Most businesses, from established to startups, will require some sort of funding at some point in order to maintain operations or explore growth opportunities. The amount of companies that remain self-funded throughout their existence are few and far between.

The amount of funding that you can secure depends completely on the type of business and things like years in existence and borrowing history. Let’s look at a few tips that can help you secure your business funding, from new startups to established corporations — the lending fundamentals are the same across the board.

Embody professionalism.

One of the main points to keep in mind is to always embody professionalism when seeking funding. Whatever may be the fundraising avenue that a business may want to pursue, it is without a doubt that professionalism matters at all times in the eyes of the lender.

“Whether you are approaching a private investor or a traditional lender, you need to represent yourself as well as your business in a professional manner,” advises Darryl Howard of NuWays MD. Numbers aside, a potential lender needs to be confident that you, as a business owner, have what it takes to run the operation successfully. After all, it’s their money on the line.

This spills over to your preparation as well. If you are presenting forecasts, or providing financials, have them professional designed. If you look unprepared or if your information is thrown together in a sloppy manner it will reflect badly on your business.

Acknowledge that raising capital is actually a long-term goal.

The next point that needs to be kept in mind is that raising capital is actually a long-term goal. Launching a business is not that easy and raising funds for a business is much more difficult.

One should know that it requires time and hard work. Raising capital is a long-term process so one needs to have patience. Do not let traits like overenthusiasm threaten any chances of closing an important deal. “Even if you don’t currently need funds, you should operate in a way that prepares you for the time if and when it comes. Things like keeping accurate financials and making sure your personal credit score is maintained flawlessly, can help you when the time comes,” says Christopher VanDeCar, CEO of Optimally Organic.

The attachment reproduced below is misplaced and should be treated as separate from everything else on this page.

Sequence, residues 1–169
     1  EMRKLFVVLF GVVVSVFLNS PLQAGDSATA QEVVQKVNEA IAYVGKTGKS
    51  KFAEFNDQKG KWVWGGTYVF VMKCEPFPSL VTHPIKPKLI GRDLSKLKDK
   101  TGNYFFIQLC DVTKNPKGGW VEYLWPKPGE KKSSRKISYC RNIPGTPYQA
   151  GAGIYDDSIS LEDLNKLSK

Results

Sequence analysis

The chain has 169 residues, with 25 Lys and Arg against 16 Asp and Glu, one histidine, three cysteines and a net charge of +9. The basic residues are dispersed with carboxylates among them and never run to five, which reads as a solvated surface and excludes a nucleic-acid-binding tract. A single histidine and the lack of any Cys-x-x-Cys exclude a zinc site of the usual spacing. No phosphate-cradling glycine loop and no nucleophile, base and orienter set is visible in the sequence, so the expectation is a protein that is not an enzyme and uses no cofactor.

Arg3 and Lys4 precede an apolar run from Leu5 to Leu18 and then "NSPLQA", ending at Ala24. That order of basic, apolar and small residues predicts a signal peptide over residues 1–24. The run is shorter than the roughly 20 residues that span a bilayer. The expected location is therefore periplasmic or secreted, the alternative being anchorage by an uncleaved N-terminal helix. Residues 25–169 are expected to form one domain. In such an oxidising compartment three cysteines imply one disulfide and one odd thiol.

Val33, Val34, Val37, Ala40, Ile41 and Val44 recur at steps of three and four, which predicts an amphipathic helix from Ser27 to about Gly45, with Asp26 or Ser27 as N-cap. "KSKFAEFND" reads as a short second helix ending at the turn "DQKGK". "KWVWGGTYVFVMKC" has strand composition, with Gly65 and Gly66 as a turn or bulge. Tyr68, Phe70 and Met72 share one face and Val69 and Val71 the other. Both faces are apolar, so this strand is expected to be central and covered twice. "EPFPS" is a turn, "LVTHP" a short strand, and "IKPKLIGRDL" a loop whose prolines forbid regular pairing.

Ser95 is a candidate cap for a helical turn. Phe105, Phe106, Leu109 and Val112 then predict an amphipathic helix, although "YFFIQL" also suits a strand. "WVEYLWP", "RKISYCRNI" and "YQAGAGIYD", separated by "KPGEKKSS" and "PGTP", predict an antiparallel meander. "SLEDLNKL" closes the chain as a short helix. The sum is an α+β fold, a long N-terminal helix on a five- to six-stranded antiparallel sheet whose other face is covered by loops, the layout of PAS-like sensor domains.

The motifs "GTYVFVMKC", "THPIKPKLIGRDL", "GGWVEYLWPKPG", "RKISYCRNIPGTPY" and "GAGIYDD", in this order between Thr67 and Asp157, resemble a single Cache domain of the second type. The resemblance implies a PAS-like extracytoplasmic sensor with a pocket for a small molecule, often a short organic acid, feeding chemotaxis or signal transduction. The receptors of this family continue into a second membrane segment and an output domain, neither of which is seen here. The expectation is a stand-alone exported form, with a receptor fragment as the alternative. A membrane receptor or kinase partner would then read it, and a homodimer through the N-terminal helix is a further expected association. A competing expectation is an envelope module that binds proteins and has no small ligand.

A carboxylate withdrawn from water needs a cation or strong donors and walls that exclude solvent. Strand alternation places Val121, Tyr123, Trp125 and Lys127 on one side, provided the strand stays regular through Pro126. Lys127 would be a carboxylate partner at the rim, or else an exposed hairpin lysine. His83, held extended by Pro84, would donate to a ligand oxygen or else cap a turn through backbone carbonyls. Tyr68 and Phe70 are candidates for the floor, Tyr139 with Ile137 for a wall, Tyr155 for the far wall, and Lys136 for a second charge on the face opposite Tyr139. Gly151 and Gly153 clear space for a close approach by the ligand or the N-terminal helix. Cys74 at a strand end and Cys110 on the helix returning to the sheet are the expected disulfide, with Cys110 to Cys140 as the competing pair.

Don’t become discouraged if you are initially rejected.

Another thing to keep in mind is to not get disappointed at an initial rejection while fundraising for your business. It is important to know that most business ideas are not initially funded. “Only a very small number of companies receive VC funds and many SMBs are denied business loans. That’s the reality of the situation,” explains Jake Braun of ChopperExchange, a marketplace featuring Harley Davidson motorcycles for sale.

Never lose hope if you are initially denied — many entrepreneurs whose businesses are known to have accomplished great things used to be in the same shoes — and they eventually made it. Sometimes you will have to approach several different funding sources and types of funding. There are traditional lenders, hard money lenders, companies that lend based on credit card sales, etc. Also, don’t forget to check out local financial options available for your specific region or industry. Talk to a merchant services agent, and become educated in what you will need in order to have a successful business, and it could be the tipping point in your lender deciding to trust that you are knowledgeable enough to be successful.

Evaluate all of your options.

Another important point that needs to be kept in mind while trying to raise funds for your business is to evaluate all the available options. You never want to rush into a business loan without fully understanding its terms and what it means for your business.

“One should have an idea of all the funding options available and strategize and modify depending on what the bottom line means for the operation and health of the business,” suggests Wireloo founder, Luqman Khan.

Options are not limited to just banks, as there are firms that are ready and willing to lend money to businesses. These organizations are willing to lend money on the basis of the strength of the business plan rather than simply taking in history and past performance, which is helpful for those just starting out, yet show promise and potential.